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Francisco de Freitas, Pablo Lerner and others musicians, 15/05/2014. Photo: Daniel Leão

From Phenomenology of the Encounter to Transnarration

Leonardo Guelman and Nuno Sacramento

In 1900, only 10% of humanity lived in cities. By 2007, this number had already risen to 50%. The prediction is that in 2050, 75% of the world population will live in urban centers. The next 150 years will see social changes never seen in previous centuries, changes that can already be witnessed on a global level. What will this mean to our experience of territory, to our perception of space, the planet, of the other?

In mid 2014, a group of artists, curators and academics living in the states of Rio de Janeiro, Paraíba, and Ceará and myself, a Portuguese curator living in Scotland, came together in Brazil’s northeasthern region of Cariri, Sertão (literally hinterland/rural regions of the northeast) in the cities of Juazeiro do Norte and Crato and surrounding areas. The idea was to observe the various forms of culture produced in Cariri, discuss questions of art and artisanship and publicness and explore possible interconnections between regions, contexts and practices. The big difference between the articulation of these forms in 2014, and let’s say in 1900, is that the presence of the Internet nowadays creates a contamination that substitutes for the anthropological gaze of the turn of the 19th century to the 20th.

More than the contamination of the images and ideas of the Internet is the physical presence of the Sertão in Rio through its emigrants. On the day we returned to Rio in the taxi, we realized that the driver had family connections in Juazeiro do Norte. On my arrival at the Bed & Breakfast where I was staying, the porter’s face said the same, this all in the space of an hour. From there on out, I was treated differently, as someone who knows the Sertão, as a kind of insider. The presence of the Sertão in the city through its people, in culture through literature (From the poetic traditions of Cordel to Suassuna) and through the music of Carnival, was for me a discovery of great significance.

This only confirmed an intuition I had previously, that the culture of the Sertão and the city should not be seen from the perspective of the dichotomies of inside and outside, center and periphery or urban and the rural, but rather as a absolute continuum, as mutually contagious things.

As part of the group that went to Cariri, Leonardo Guelman and I were invited to write a text about our trip. Guelman is well-traveled and a great expert on all things of the Sertão. I am Portuguese, living in Scotland and Director of the Scottish Sculpture Workshop, based in a rural village of 300 inhabitants. What unites us is the total disregard for any form of cultural hierarchy. Both of us think that the quality of stories and shared narratives have more value than taxonomical dichotomies of the importance of cultural forms between the urban/rural, traditional/contemporary, and artisanal/ intellectual. We are both passionate for encounters between so-called different forms and for the dialogue between those givens often seen as irreconcilable. Guelman has developed in recent years what he calls the “Phenomenology of the Encounter”, drawing on the more porous, affective, contagious elements of an encounter. When things meet, they change each other, forever. The way we see is transformed through physical contact, smell, and as a consequence our thinking also changes.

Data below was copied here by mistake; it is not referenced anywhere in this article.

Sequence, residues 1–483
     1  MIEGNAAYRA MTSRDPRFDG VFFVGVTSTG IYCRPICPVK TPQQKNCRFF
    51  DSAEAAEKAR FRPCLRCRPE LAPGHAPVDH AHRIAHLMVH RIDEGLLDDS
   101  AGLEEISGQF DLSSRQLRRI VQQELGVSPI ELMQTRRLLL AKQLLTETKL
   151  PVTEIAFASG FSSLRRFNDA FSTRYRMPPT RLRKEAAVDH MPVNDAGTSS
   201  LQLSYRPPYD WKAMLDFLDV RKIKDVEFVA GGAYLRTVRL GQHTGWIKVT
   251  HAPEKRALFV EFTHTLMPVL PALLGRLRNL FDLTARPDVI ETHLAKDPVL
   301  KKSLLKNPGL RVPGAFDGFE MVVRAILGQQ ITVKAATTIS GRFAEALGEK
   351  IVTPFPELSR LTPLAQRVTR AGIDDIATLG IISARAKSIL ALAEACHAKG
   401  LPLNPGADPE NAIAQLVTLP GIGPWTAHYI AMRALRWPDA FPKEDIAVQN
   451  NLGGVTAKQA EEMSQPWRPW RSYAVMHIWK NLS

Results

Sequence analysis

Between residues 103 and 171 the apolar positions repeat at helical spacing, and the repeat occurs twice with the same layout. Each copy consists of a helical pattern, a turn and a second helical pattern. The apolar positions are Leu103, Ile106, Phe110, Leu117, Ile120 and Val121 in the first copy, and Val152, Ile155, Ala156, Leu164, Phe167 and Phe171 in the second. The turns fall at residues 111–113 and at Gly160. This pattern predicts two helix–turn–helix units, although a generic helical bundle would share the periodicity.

The day I met Guelman, introduced to me by my friend Guilherme Vergara, the first question he asked me was about “that idea” of the Shadow Curator, something that surprised me until I saw a copy of a publication on his desk. I explained that the Shadow Curator1 had its genesis in my Ph.D. thesis (Shadow Curating: A Critical Portfolio) that sought to outline an articulation of a critical perspective in relation to curatorial practice. The metaphor I used was that of the shadow minister, a role common to UK governmental operations. Here, every minister has his shadow minister, one who criticizes and proposes alternatives to those in power. Similarly, I suggested that there be someone to propose constructive criticism and interesting alternatives to the work of a contemporary art curator.

To Guelman, there was, without doubt, an overlap between our research practices, between the “Phenomenology of the Encounter” and the “Shadow Curator”. I also understood these similarities at the time of our meeting, and the form this encounter could take, or how it could be alternately formalized between the two of us.

The writing process of the text that follows was based on these two methodologies and is a testimony to the “encounter” between them. Upon our return to Rio, Guelman dove into his Sertão writings-experiences to offer a poetic reflection on the phenomenology of the encounter and the trip to Cariri. Upon receiving the text, I put myself in the role of the Shadow Curator, questioning aspects of the text, while proposing new readings and relations.